William Lyon Mackenzie King

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William Lyon Mackenzie King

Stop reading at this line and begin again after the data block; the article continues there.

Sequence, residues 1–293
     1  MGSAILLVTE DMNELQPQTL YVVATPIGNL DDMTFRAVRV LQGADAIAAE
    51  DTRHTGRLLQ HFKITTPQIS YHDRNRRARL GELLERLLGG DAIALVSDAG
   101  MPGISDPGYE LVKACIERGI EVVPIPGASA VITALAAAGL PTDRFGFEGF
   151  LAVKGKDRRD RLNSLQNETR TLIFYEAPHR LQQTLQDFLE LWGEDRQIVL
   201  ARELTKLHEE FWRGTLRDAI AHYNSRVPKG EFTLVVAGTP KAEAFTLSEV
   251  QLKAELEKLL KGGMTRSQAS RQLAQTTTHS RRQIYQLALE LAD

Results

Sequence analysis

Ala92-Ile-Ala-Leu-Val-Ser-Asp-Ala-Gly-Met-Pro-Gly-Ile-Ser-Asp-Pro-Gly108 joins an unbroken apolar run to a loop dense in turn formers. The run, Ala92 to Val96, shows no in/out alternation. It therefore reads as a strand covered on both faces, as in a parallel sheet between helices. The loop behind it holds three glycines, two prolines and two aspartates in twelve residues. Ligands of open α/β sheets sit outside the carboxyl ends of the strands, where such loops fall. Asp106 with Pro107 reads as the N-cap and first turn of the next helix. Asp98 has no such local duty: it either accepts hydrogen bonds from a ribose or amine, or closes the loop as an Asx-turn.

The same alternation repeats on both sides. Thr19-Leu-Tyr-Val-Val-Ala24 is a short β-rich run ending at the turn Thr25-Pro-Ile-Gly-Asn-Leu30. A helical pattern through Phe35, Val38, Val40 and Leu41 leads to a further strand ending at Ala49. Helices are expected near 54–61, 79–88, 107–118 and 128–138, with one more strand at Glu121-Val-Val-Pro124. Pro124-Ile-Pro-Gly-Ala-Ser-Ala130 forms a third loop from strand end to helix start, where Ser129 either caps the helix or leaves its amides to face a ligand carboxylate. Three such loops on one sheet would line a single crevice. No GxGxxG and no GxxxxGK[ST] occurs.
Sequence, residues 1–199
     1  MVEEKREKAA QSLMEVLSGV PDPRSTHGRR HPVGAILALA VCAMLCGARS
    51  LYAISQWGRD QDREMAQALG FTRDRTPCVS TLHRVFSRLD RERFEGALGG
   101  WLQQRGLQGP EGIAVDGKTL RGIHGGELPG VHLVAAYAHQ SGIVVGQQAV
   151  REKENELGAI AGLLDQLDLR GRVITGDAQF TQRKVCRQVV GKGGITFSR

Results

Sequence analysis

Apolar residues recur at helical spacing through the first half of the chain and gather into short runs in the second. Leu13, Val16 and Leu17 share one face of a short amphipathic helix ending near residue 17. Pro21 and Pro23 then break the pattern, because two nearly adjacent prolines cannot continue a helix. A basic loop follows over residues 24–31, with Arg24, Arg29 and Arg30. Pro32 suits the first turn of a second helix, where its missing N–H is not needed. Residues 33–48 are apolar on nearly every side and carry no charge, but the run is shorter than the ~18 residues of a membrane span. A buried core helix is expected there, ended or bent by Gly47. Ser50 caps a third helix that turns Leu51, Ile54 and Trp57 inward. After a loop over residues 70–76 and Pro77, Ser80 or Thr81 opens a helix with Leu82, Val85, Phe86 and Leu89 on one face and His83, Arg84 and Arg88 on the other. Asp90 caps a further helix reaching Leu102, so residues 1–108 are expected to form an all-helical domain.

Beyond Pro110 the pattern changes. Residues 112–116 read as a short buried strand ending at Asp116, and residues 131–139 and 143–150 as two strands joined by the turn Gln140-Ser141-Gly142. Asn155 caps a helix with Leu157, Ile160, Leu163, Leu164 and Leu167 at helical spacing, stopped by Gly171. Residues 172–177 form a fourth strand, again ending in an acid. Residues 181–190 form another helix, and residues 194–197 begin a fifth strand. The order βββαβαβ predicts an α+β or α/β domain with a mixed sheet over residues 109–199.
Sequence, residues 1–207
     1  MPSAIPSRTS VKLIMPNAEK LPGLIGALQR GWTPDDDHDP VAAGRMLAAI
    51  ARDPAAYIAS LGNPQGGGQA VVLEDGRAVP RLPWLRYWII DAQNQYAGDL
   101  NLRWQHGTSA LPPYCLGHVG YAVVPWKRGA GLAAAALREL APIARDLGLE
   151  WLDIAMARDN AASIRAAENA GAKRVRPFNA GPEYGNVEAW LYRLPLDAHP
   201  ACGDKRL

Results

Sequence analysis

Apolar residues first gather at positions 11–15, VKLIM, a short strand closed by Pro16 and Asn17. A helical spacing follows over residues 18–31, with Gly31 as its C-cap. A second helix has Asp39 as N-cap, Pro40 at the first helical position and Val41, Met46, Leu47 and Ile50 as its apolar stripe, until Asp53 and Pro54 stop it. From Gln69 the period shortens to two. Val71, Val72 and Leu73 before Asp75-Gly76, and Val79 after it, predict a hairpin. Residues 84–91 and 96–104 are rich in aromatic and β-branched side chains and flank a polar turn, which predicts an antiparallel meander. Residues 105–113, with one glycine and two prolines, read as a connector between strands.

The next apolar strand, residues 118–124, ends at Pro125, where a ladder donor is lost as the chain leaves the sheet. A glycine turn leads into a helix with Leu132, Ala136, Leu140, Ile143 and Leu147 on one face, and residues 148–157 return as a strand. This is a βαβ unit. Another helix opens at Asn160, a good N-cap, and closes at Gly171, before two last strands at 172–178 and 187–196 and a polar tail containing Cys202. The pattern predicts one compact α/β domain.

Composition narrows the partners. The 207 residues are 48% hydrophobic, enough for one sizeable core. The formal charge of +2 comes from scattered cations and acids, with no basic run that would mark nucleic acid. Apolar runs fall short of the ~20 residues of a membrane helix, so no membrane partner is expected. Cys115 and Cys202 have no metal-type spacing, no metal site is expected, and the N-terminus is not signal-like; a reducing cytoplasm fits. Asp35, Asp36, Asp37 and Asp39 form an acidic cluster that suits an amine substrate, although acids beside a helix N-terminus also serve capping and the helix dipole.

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William Lyon Mackenzie King, Prime Minister of Canada (1921-1925, 1926-1930, and 1935-1948), was born in Berlin (now Kitchener), Ontario, on December 17, 1874, the son of John King and the grandson of William Lyon Mackenzie. He was educated at the University of Toronto (B.A., 1895; M.A., 1897) and did post-graduate work in sociology at Harvard University (M.A. 1898; Ph.D. 1909). In 1900 he was invited by Sir William Mulock to become Canada's first Deputy Minister of Labour; and in 1909 he was persuaded by Sir Wilfrid Laurier to enter politics, was elected to represent Waterloo in the Canadian House of Commons, and became Canada's first Minister of Labour not holding a separate portfolio. In 1919 he was chosen to succeed Laurier as leader of the Liberal party; and in 1921 he was elected to represent North York in the House of Commons, and became Prime Minister of Canada and Minister for External Affairs. When King retired in 1948, he had held office longer than any previous prime minister in the British Commonwealth. He died, unmarried, near Ottawa, Ontario, on July 22, 1950. (taken from "The Macmillan Dictionary of Canadian Biography" fourth edition. 1978.)

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